Rapidly progressive degeneration of motor neurons that run from the brain to the muscles for control of movement Males affected more than females

60 Impaired Respiratory System
Short inhalations decrease air for speech Short phrases Inadequate voice loudness

61 Impaired Phonatory System
Breathy voice quality Decreased loudness

62 Impaired Resonatory System
Hypernasal resonance is heard in speech Decrease in speech intelligibility

63 Impaired Articulatory System
Imprecise articulation of consonants

64 Types of Dysarthria Spastic Ataxic Flaccid Hyperkinetic Hypokinetic
Mixed See Table 38-1 for characteristics of these six types.

65 Assessment of Dysarthria
Case history/medical history Evaluation of the speech systems Respiratory, phonatory, resonatory, articulatory Instrumental analysis See figure 38-2 of assessment tools

66 Principles of Therapy for Dysarthria
Maximize the effectiveness, efficiency, and naturalness of communication

67 Apraxia of Speech Deficit in neural motor planning and programming of articulatory muscles for volunteer movements for speech in the absence of muscle weakness

68 Characteristics of Apraxia of Speech
Variable articulation errors Sound substitutions more frequent Errors increase with length of utterance “Groping” behavior “Islands” of fluent speech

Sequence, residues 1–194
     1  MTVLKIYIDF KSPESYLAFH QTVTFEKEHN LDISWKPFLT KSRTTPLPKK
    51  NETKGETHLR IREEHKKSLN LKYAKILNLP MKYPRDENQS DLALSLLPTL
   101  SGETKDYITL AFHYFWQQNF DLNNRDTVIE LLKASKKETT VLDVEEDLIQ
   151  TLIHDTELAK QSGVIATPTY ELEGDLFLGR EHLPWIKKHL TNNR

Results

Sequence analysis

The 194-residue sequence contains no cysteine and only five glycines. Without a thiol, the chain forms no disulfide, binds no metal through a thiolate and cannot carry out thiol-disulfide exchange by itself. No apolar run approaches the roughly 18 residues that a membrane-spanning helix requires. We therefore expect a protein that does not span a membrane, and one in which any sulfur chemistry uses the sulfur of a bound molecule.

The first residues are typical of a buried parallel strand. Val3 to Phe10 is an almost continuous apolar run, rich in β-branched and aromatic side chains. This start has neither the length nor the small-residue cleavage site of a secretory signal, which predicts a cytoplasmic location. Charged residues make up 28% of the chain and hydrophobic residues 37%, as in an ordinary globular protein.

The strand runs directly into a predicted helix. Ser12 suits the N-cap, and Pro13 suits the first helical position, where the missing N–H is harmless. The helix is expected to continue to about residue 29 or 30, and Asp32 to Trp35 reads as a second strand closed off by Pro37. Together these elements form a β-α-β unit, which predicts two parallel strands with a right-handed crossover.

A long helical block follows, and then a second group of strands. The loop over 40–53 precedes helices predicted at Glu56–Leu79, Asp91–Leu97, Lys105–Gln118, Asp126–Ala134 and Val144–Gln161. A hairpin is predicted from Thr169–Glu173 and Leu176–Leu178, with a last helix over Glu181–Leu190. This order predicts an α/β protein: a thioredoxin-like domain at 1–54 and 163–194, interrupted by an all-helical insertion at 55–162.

69 Assessment and Therapy of Apraxia of Speech
Evaluation of the speech systems Primary goal of therapy is to maximize effectiveness, efficiency, and naturalness of communication See Figure 38-3 fro assessment materials for apraxia.

70 Emotional and Social Effects of Neurological Disorders
Chapter 39 Emotional and Social Effects of Neurological Disorders

71 Emotional and Social Effects
Entire family is affected by a stroke Family systems theory is applicable to clients and families when a neurological disorder has occurred

72 Emotional Effects Self-image/self concept changes
Families go through the stages of grief See discussion of Kubler-Ross’ stages of grief.

73 Social Effects Social lives are altered or diminished Jobs may be lost
Financial expenses due to loss of work and cost of medical care